Without a USP your advertising will have a plain vanilla, me-to appearance which won’t lead people to take action. When you have a good USP and deploy it in your advertising, you’ll attract more clients like you want. You’ll also keep away folks who aren’t your targeted clientele.
Rosser Reeves invented the term “USP” in the 1960’s. In his book, Reality in Advertising, he defines what makes a good USP:
1. Each advertisement must make a proposition to the consumer. Not just words, not just product puffery, not just show-window advertising. Each advertisement must say to each reader: “Buy this product, and you will get this specific benefit.”
2. The proposition must be one that the competition either cannot, or does not, offer. It must be unique—either a uniqueness of the brand or a claim not otherwise made in that particular field of advertising.
3. The proposition must be so strong that it can move the mass millions, i.e., pull over new customers to your product.
Here are some well known examples which meet this 3-part definition:
Domino’s Pizza: “You get fresh, hot pizza delivered to your door in 30 minutes or less — or it’s free.” Notice it says nothing about Mama’s recipe, taste, or low price. This created a whole new market at a time when it took 30 to 40 minutes to get a pizza at pizza restaurants.
FedEx: “When your package absolutely, positively has to get there overnight” This USP answered the question, “Why would anyone want to pay ten bucks to mail a letter?”
M&M’s: “The milk chocolate melts in your mouth, not in your hand” Rosser Reeves created this USP over 40 years ago and it still works great.
Wonder Bread: “Wonder Bread Helps Build Strong Bodies 12 Ways” Maybe it does, maybe it doesn’t. It sure sold a lot of bread.
Did it occur to you that 3 of these 4 USP’s are no longer used by their companies? I had to look up Wonder Bread and found they use “Soft. Delicious. Nutritious.” Fed Ex does a lot more today than overnight delivery so they use “Save more as you ship more, Think FedEx First.” Pizza Hut’s website emphasizes that it wins national taste tests.
You also need to remember to use your USP in all your ads and in contact with customers and prospects. I noticed in the fine legal print on Domino’s home page:
Domino’s new hand tossed pizza has been reinvented from the crust up to be our best tasting pizza ever. Guaranteed. If you are not completely satisfied with your Domino’s pizza experience, we will make it right or refund your money.
This should be in BIG print in the headline of the webpage. 99% of web visitors will miss this. Guarantees are a great way to create a USP.
Your USP should be visible and become part of your daily operations…not just something for your advertisements or website. Let me give you an example.
My mom came across a letter written to me back on April 23, 1976. I had written to M&M-Mars after getting some red, green or brown coloring on my hands while eating some M&M’s. I can’t remember what motivated me to write them. Maybe it was school assignment. Maybe I was just being a wise guy. Here’s their reply:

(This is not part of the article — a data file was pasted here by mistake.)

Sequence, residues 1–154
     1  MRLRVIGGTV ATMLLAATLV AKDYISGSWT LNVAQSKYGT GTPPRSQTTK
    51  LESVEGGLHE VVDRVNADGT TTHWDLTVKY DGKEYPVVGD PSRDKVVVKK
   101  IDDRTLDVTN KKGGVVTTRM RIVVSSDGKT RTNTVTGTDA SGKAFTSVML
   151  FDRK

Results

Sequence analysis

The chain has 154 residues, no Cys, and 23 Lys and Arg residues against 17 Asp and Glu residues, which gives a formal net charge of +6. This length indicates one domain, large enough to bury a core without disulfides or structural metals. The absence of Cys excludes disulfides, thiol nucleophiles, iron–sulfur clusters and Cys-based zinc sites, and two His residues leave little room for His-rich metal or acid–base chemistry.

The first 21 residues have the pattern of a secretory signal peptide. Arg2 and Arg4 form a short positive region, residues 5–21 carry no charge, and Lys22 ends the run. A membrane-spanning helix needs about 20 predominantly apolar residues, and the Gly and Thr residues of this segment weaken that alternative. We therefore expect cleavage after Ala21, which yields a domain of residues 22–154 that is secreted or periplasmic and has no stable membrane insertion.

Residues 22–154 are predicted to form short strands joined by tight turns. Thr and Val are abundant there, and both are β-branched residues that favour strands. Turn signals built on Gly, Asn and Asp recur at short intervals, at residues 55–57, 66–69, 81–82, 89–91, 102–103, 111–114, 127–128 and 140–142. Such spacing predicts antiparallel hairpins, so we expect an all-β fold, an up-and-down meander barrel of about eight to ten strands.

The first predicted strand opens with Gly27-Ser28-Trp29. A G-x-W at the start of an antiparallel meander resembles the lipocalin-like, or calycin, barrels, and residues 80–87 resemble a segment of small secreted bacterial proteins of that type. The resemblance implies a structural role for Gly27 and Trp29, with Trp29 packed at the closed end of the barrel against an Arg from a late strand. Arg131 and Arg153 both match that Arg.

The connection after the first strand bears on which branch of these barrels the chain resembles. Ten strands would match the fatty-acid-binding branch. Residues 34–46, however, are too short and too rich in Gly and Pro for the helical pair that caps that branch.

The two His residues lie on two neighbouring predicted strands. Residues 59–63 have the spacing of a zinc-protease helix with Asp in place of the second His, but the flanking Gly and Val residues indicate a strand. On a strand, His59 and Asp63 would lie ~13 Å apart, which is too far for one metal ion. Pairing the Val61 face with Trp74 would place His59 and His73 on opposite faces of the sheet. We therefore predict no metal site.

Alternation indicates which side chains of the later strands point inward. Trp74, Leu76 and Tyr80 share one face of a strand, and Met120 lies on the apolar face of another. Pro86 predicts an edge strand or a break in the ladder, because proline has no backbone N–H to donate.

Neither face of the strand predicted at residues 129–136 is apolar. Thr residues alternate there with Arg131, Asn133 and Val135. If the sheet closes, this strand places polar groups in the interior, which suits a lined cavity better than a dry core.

Thank you for your letter and your interest in M&Ms Chocolate Candies.
In our advertisements we say: “THE MILK CHOCOLATE MELTS IN YOUR MOUTH – NOT IN YOUR HAND”. The melting to which you referred was undoubtedly caused when the pure food coloring in the thin sugar shell came in contact with the moisture in your hands. This sometimes happens if the candy is held for a while.
The objective of our advertising is to acquaint consumers with the fact that M&Ms Chocolate Candies are neat to eat and do not have the mess of other chocolate products that do not have thin sugar shells protecting the chocolate centers.
Thank you again for your interest in writing to us.
Very truly yours,
(Miss) Eleanor C. Trautwein
Customer Service Manager
Now let’s talk about USPs for business professionals. Your USP should answer the question, “Why should someone choose you as their advisor over all other advisors in your area and instead of doing it themselves?”
Obviously, you can answer this question in numerous ways. Let’s categorize them as good, bad and ugly.
Let start out with “ugly” USPs for business professionals.
Ugly ones will get you in trouble with your compliance department. This may affect you if you are a financial advisor, insurance agent, CPA or tax professional. For instance, Montgomery Ward first used “Satisfaction guaranteed or your money back” in 1874. Worse yet, “Retire as a millionaire…” These sound lame because compliance departments don’t like anything which is promissory in nature. FINRA won’t let advisors use client testimonials so that eliminates a lot of ideas for USPs. Your industry standards will set boundaries on what you can say.
Next, what makes a “bad” USP for a professional?
Something vague or a cliche like “Quality Service. High Standards.” Every one can say this so why bother? If your client or prospect reads something and says “So what?” or “Duh. Every advisor does that” then you know you need to work harder. I see this all the time with advisor websites which use the boilerplate verbiage provided by the website company.
What makes a good USP for a professional?
A good USP describes who you are, what makes you different and tells your story in a way that sells your prospect on your ability to get the job done for them. So an advisor’s USP should be more of a core story than a tagline like Walmart’s “Save Money. Live Better.”